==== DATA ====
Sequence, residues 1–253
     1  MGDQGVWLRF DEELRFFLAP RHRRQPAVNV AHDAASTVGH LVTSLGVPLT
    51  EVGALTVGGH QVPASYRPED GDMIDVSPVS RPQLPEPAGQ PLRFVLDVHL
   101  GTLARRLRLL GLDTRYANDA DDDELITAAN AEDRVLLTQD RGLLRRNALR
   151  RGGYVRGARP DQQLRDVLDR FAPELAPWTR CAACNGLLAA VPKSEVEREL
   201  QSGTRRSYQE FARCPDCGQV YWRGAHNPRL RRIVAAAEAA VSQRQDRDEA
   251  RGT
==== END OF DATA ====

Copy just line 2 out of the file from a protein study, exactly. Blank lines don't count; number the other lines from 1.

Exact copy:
     1  MGDQGVWLRF DEELRFFLAP RHRRQPAVNV AHDAASTVGH LVTSLGVPLT